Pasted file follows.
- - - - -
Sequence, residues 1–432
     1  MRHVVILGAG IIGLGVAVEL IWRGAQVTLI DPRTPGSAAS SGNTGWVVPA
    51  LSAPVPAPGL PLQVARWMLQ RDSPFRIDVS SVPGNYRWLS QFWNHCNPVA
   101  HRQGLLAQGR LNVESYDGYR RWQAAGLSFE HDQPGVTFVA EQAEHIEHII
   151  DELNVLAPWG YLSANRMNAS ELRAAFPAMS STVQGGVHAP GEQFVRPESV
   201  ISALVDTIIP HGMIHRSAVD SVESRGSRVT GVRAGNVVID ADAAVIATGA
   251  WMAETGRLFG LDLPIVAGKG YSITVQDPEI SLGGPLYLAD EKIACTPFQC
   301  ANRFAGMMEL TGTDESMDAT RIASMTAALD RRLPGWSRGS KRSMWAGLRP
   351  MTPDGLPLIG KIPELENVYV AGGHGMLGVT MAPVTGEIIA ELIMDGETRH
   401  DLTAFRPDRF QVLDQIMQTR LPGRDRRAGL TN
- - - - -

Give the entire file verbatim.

Sequence, residues 1–432
     1  MRHVVILGAG IIGLGVAVEL IWRGAQVTLI DPRTPGSAAS SGNTGWVVPA
    51  LSAPVPAPGL PLQVARWMLQ RDSPFRIDVS SVPGNYRWLS QFWNHCNPVA
   101  HRQGLLAQGR LNVESYDGYR RWQAAGLSFE HDQPGVTFVA EQAEHIEHII
   151  DELNVLAPWG YLSANRMNAS ELRAAFPAMS STVQGGVHAP GEQFVRPESV
   201  ISALVDTIIP HGMIHRSAVD SVESRGSRVT GVRAGNVVID ADAAVIATGA
   251  WMAETGRLFG LDLPIVAGKG YSITVQDPEI SLGGPLYLAD EKIACTPFQC
   301  ANRFAGMMEL TGTDESMDAT RIASMTAALD RRLPGWSRGS KRSMWAGLRP
   351  MTPDGLPLIG KIPELENVYV AGGHGMLGVT MAPVTGEIIA ELIMDGETRH
   401  DLTAFRPDRF QVLDQIMQTR LPGRDRRAGL TN